Updated version of the 1969-1974 NBC game show. Three contestants competed to answer trivia questions, with scoring in dollars. The game was interrupted at certain intervals for Instant Bargains, which allowed the player in the lead to buy a prize at a discounted prize (e.g., a $795 stereo color TV for $6), always at the risk of later losing the game; and a new feature, the "Fame Game," where the host read first-person clues leading to the identity of a person, place, thing, etc., with the winner having a chance to earn cash, a bonus prize or add to his score with the choice of one of nine numbers. The player with the highest score could elect to use his score money to buy specially-discounted luxury items (e.g., a $4,500 diamond-studded Swiss watch for $120), or accumulate his score money by winning future games and having access to either a luxury car, an escalating jackpot which began at $50,000 and increased by $1,000 per show until won, or everything on stage. Later in the show's... Written by
Brian Rathjen <email@example.com>
Did You Know?
Initially, contestants who won the game went to the "Sale of the Century" where they could use their winnings to buy prizes. If the contestant won enough money during their reign, they could buy every prize on stage, plus receive a cash jackpot that started at $50,000 and grew by $1,000 each day not won. Starting in January 1985 (December 1985 on the syndication run), to cut costs, the end game was a prize matching game called "The Winner's Board", where the contestant won whatever prize they ended up matching on a game board. Once the contestant has cleared the whole board (which would take 10 days) would have one final decision: Keep the cash and prizes or risk it all and win one more game. If successful, the contestant keeps the cash and prizes and wins a $50,000 jackpot bonus, but if lost, the contestant forfeits all earned endgame prizes. During the 1987-1988 season, the bonus round was changed once again to the "Winner's Big Money Game", with contestants having to solve four (originally five) puzzles from the clues Jim Perry would read to them. Payoffs for winning the round began at $5,000 on the champ's first day and increased through $10,000 on the sixth day. The seventh attempt was worth a new car, and if it was won, the contestant was allowed to return for an eight day, where winning the endgame was worth $50,000. See more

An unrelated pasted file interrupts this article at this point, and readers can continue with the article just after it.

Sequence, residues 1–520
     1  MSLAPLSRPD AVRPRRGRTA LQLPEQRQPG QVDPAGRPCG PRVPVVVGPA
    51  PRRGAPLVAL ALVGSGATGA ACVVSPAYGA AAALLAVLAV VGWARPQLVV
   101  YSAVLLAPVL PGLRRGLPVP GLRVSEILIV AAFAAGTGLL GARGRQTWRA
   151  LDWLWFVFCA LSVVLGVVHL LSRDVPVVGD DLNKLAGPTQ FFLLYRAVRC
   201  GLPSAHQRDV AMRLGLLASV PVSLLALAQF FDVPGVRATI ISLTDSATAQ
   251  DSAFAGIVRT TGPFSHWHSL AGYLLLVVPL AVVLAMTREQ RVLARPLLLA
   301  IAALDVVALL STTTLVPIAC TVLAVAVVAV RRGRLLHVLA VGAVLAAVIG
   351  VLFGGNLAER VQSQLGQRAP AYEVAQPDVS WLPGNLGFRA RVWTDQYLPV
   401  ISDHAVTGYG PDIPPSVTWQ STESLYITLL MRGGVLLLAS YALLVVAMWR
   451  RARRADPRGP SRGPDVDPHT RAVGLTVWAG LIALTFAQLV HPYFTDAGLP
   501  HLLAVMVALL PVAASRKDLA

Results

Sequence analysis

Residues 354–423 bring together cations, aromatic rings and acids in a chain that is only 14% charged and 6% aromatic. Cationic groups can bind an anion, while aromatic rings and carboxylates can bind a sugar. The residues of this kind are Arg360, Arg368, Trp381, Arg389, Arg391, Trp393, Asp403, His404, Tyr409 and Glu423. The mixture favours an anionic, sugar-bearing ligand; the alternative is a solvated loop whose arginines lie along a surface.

Describing a watch on the last episode: It also tells time...
During the end credits of the final episode, there are some shots of the control room. As the Reg Grundy logo appears, the director does a final countdown until the end of the program. See more
Version of Sale of the Century